Rising stars on the women’s side include Samantha “Murphy” Bromberg, Maren Taylor and Amy Cozad. Bromberg is a three-time national champion and won a bronze medal in platform diving at the 2010 Junior World Championships. She is convinced that she’ll earn her first Olympic spot in 2016.

“I’m going,” Bromberg told TeamUSA.org after winning the women’s synchro platform event at the 2013 AT&T National Diving Championships with partner Cheyenne Cousineau. “When you dedicate this much of your life to one thing, I really want it. Definitely.”

In fencing, another Massialas may be ready to become an Olympian in Rio. Sabrina Massialas, the younger sister of 2012 Olympian Alexander and daughter of three-time Olympian Greg, made her first senior world team this year and will compete at the 2014 Youth Olympic Games in China. Greg is the coach of the U.S. men’s foil squad.

Another talented U.S. swimming team could feature the Olympic debut of Simone Manuel. She was a gold medalist in the women’s 400-meter freestyle relay and a finalist in the 50-meter freestyle at the 2013 FINA World Championships at age 17. She set an American record in the 100-yard freestyle earlier this year.

Olympic interest will be high for Paul George, a star forward for the NBA Indiana Pacers who fractured his leg in the USA Basketball Showcase on Aug. 1 in Las Vegas. George’s recovery is expected to take at least a year, and a question to be answered at that time is whether he would pursue a spot on the Olympic Team. He was considered to be a lock to make the national team for this year’s FIBA World Cup.

Other team sports to follow heading toward Rio are men’s and women’s soccer, field hockey, men’s and women’s volleyball, and men’s and women’s beach volleyball. The 2015 FIFA Women’s World Cup will likely feature rising stars in U.S. women’s soccer. The U23 men’s national team will be out to qualify for Rio after not making the Olympic field in 2012.

Young talent on the USA Volleyball men’s national team include setter Micah Christenson and outside hitter Taylor Sander.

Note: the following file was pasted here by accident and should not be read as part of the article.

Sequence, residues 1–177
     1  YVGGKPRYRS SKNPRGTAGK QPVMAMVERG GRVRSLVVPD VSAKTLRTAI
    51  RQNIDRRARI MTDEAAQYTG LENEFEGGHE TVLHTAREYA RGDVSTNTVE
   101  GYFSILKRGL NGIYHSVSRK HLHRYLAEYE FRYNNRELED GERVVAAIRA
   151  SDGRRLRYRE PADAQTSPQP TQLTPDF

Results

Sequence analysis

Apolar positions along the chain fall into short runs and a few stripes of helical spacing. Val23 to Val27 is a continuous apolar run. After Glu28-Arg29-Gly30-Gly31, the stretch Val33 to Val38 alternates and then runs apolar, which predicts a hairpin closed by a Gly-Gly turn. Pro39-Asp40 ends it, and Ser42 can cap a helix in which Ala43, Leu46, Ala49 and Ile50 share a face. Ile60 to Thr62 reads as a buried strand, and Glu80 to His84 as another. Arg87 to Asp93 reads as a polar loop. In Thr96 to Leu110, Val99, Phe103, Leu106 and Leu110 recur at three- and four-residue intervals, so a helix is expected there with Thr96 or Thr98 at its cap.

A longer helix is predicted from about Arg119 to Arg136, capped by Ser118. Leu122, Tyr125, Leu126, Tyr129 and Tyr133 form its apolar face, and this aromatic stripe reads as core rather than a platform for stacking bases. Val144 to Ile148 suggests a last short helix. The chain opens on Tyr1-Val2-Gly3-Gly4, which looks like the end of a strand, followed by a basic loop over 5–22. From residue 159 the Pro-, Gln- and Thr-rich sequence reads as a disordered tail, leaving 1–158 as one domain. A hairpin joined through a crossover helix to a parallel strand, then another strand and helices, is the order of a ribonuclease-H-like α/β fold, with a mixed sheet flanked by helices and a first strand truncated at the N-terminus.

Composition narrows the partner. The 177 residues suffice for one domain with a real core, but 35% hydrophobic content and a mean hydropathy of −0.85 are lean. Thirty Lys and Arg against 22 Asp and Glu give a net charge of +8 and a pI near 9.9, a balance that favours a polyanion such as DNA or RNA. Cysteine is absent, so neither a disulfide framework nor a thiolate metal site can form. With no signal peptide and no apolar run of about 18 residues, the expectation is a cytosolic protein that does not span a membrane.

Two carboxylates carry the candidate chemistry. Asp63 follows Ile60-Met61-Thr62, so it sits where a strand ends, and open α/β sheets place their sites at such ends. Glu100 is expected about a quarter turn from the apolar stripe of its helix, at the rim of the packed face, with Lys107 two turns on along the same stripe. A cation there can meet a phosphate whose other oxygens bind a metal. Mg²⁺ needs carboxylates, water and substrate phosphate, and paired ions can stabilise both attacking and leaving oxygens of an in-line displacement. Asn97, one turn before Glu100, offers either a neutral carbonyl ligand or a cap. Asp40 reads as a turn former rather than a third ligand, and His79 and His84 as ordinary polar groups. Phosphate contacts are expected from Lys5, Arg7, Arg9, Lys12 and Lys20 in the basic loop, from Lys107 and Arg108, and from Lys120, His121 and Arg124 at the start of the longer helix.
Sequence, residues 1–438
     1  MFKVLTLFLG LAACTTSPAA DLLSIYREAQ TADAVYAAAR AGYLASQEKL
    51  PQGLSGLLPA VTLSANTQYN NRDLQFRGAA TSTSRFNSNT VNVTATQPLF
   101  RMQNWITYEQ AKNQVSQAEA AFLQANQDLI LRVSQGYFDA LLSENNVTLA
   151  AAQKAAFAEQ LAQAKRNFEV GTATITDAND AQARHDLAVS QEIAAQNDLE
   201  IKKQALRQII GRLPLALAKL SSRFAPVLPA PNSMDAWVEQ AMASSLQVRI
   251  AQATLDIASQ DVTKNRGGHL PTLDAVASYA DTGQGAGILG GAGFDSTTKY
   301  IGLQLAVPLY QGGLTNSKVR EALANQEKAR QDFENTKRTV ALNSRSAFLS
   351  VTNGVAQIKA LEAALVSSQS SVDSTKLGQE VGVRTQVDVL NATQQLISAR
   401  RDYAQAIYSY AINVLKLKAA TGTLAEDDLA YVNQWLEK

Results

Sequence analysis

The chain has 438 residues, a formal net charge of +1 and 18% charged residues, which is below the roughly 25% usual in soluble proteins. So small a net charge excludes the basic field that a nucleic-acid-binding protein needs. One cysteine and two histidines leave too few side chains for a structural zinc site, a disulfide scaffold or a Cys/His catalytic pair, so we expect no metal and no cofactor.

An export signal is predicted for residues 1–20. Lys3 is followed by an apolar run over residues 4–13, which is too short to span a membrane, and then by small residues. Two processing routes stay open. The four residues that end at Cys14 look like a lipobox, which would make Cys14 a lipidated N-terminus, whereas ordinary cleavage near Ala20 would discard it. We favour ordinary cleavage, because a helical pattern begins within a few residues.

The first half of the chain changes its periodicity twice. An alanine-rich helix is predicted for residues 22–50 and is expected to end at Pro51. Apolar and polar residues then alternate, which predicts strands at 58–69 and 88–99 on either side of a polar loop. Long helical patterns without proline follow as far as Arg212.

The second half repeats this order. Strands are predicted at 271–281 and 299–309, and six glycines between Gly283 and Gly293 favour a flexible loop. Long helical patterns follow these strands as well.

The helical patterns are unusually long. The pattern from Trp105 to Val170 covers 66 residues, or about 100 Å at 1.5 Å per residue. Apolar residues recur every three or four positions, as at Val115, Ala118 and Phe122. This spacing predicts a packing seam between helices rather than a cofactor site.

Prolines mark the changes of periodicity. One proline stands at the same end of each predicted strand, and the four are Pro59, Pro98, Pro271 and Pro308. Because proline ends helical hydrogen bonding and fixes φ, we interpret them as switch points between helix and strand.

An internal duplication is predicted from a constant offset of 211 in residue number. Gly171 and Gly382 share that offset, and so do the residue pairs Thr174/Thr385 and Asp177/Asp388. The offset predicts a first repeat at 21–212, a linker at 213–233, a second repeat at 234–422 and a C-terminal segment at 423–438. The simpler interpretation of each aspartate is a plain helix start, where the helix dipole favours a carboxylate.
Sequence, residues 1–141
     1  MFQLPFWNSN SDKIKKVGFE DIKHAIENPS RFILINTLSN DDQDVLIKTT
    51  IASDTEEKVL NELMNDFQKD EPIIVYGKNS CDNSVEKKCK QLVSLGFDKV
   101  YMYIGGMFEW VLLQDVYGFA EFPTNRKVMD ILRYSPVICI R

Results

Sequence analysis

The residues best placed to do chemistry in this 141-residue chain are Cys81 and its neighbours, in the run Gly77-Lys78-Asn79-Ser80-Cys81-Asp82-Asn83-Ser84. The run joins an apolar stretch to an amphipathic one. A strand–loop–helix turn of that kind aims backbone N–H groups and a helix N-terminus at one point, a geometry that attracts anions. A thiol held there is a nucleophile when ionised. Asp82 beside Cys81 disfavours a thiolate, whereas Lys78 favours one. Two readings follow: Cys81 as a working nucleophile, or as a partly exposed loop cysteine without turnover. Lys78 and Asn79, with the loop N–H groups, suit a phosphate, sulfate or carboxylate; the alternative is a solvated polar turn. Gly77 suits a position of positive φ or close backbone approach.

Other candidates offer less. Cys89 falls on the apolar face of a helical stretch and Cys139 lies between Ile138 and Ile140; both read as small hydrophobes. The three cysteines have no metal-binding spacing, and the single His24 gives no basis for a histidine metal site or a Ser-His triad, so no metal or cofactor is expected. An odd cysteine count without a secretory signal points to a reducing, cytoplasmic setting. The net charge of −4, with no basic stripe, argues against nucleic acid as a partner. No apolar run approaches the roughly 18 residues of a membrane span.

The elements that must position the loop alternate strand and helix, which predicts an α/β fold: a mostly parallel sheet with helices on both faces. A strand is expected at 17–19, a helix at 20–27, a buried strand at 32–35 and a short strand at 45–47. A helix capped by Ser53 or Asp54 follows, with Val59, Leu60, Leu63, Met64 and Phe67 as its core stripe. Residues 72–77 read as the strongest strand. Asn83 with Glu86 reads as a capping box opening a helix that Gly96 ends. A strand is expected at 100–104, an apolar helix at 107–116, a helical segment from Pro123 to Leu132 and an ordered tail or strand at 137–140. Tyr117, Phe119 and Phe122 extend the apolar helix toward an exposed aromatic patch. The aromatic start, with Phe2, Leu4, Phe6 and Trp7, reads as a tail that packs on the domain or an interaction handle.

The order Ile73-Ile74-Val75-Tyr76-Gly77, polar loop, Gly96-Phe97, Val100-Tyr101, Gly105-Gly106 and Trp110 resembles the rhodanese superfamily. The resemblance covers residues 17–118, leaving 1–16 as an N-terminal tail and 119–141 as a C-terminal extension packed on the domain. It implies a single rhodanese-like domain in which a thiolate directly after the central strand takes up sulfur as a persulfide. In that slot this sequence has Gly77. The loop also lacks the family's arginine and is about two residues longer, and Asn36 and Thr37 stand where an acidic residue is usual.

Among the youngest Olympic hopefuls is 12-year-old Crystal Wang, a table tennis athlete who qualified for the 2014 World Championships.

Mackenzie Brown, LaNola Pritchard and Ariel Gibilaro, who are each resident athletes at the U.S. Olympic Training Center in Colorado Springs, Colorado, will be among those seeking Olympic berths in women’s recurve in archery. They were on the USA Archery team at the 2012 World Archery Youth Championships.

Also seeking his Olympic debut in 2016: Levan Onashvili, the son of five-time Olympic archer Khatuna Lorig. “Hopefully we will be the first mother and son in the Olympics,” Lorig told the Park Labrea News of West Hollywood, California.

Shakur Stevenson, who is the first U.S. male boxer to win both a junior world championship and youth world championship, may emerge in 2016 as a top contender in Rio. Also in position is super heavyweight boxer Darmani Rock, who a won a gold medal at the 2014 Youth World Championships. The U.S. men were shut out of boxing medals at the London 2012 Olympic Games.

Rising through the waters in canoe/kayak is Michal Smolen, an 18-year-old native of Poland who did not obtain his citizenship in time to compete for the United States at the London 2012 Olympic Games. The paperwork was completed in 2013. Smolen won a gold medal at the 2014 ICF Canoe Slalom U23 World Championships, as well as a bronze medal on the world cup circuit.

In equestrian Lucy Davis, at age 20, became the youngest rider to win a global Champions Tour event at the 2014 Grand Prix of Lausanne.

And then there is Buck Davidson, the son of Olympic two-time gold medalist Bruce Davidson in equestrian, who is seeking his first Olympic berth after serving as an alternate for the 2008 and 2012 Olympic Games.

Now that Kayla Harrison became the first American in 2012 to win an Olympic gold medal in judo, who is next? Among judo’s rising stars are Alex Hyatt, 15, who finished second at the 2013 IJF World Cadet Championships, and Adonis Diaz, 18, a fifth-place finisher at the cadet worlds. Both will compete at the 2014 Youth Olympic Games.

Adeline Gray, a 2012 world champion and 2014 world team trials champion, will go after an Olympic berth in women’s wrestling. She finished second to Elena Pirozhkova at the 2012 U.S. Olympic Team Trials. Also hoping to make their Olympic debuts are two-time world bronze medalist Alyssa Lampe and world silver medalist Helen Maroulis.

Doubles players Phillip Chew and Sattawat Pongnairat are among those chasing after a first Olympic medal for the United States in badminton. They won the Brazil International championship in 2013 and finished third at the 2014 Peru International.

Story courtesy Red Line Editorial, Inc. Paul D. Bowker is a freelance contributor for TeamUSA.org.